Scot James’ description of the enervating effects of rent control on the supply of housing in San Francisco (New York Times, June 7, 2011) applies equally to New York City and the few other localities that impose burdensome and overly restrictive housing and rent regulations.
Thousands of apartments in New York City are vacant because the liabilities of renting to tenants outweigh the potential economic gains. Just take a look, for example, at the apartments that sit vacant above many commercial strips in Manhattan and the outer boroughs. The commercial rents pay the real estate taxes on the property and the owners are fearful of renting the apartments and having to comply with the requirements of more than two dozen City and State agencies that regulate rental properties.
Many more thousands of apartments sit vacant in purely residential buildings because their owners, having lived through at least one horrific episode in the City’s Housing Courts, are just waiting for that perfect tenant to show up or cannot even figure out what rent they are legally entitled to charge.
Elected officials prod the regulatory agencies to keep tightening the noose around residential property owners’ necks not realizing that their well-intentioned efforts are hurting the constituencies they seek to protect , as evidenced by the today’s public hearing on proposed State housing regulations which pander to the tenant lobby by exacerbating the burdens on owners.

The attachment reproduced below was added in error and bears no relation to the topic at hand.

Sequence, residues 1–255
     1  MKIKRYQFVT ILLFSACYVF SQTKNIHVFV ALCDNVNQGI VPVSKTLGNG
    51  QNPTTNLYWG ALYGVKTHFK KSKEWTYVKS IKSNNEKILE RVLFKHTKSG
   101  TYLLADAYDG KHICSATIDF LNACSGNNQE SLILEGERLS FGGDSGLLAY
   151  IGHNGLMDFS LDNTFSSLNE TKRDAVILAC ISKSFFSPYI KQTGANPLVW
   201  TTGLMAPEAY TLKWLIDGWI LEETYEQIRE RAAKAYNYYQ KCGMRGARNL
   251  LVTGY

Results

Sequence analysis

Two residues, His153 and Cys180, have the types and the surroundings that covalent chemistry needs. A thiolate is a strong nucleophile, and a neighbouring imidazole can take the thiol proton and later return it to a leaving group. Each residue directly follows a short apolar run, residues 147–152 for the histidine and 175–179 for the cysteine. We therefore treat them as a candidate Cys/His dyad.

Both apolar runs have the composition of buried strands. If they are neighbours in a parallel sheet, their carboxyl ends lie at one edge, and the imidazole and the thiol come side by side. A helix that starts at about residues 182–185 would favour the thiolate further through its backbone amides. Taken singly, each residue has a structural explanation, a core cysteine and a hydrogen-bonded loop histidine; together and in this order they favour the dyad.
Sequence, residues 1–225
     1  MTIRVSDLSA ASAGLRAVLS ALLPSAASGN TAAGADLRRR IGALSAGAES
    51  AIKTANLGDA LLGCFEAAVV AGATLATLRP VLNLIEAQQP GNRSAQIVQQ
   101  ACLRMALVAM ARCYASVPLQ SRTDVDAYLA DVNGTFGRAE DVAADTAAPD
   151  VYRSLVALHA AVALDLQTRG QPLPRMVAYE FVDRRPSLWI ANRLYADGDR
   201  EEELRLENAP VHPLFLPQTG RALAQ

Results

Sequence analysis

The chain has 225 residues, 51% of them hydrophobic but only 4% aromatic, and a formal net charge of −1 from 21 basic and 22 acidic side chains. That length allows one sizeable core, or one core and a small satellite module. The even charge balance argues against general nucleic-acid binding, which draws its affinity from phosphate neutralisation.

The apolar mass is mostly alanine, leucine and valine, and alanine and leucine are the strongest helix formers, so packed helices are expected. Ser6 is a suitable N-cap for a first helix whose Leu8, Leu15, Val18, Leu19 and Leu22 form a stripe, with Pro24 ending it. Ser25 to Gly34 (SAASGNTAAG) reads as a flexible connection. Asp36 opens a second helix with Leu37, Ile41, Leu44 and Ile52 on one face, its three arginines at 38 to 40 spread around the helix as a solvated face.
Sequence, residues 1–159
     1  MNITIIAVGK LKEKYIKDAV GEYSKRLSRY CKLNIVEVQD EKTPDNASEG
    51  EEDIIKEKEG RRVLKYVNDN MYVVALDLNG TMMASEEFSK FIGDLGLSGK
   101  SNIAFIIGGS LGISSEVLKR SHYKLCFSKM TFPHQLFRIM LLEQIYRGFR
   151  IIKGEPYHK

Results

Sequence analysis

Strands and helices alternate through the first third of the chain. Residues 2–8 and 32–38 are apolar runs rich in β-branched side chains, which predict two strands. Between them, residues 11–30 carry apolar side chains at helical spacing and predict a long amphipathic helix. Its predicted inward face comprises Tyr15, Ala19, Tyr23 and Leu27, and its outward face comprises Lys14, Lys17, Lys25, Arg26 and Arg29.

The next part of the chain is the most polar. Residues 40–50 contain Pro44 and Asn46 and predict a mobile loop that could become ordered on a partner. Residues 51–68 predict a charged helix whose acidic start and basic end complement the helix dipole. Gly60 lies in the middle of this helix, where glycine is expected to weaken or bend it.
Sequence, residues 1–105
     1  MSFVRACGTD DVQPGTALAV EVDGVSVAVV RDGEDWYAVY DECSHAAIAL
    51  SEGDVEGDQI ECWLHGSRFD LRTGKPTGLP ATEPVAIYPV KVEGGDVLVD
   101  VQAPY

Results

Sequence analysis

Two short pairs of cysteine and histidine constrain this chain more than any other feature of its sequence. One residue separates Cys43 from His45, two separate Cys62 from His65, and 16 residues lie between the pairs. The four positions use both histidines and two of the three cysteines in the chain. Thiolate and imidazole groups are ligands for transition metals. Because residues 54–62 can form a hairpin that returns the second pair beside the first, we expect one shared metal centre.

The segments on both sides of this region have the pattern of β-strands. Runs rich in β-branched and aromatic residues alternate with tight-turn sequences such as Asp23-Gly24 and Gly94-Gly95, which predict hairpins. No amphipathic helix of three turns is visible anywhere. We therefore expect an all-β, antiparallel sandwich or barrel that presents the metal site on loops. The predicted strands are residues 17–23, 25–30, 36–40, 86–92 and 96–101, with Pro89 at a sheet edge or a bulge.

– Jack Freund
By SCOTT JAMES
SAN FRANCISCO — VISITORS have forever left their hearts in San Francisco. But leaving the rest of your body here isn’t so easy: there’s no place to live.
The City by the Bay is going through one of its worst housing shortages in memory. With typical high demand intensified by a regional boom in tech jobs, apartment open houses are mob scenes of desperate applicants clutching their credit reports. The citywide median rental price for a one-bedroom is $2,764 a month, but jumps to $3,500 in trendy areas.
One reason for the shortage? Me.
I’ve recently joined the ranks of San Francisco landlords who have decided that it’s better to keep an apartment empty than to lease it to tenants. Together, we have left vacant about 10,600 rental units. That’s about five percent of the city’s total — or enough space to house up to 30,000 people in a city that barely tops 800,000. Continue reading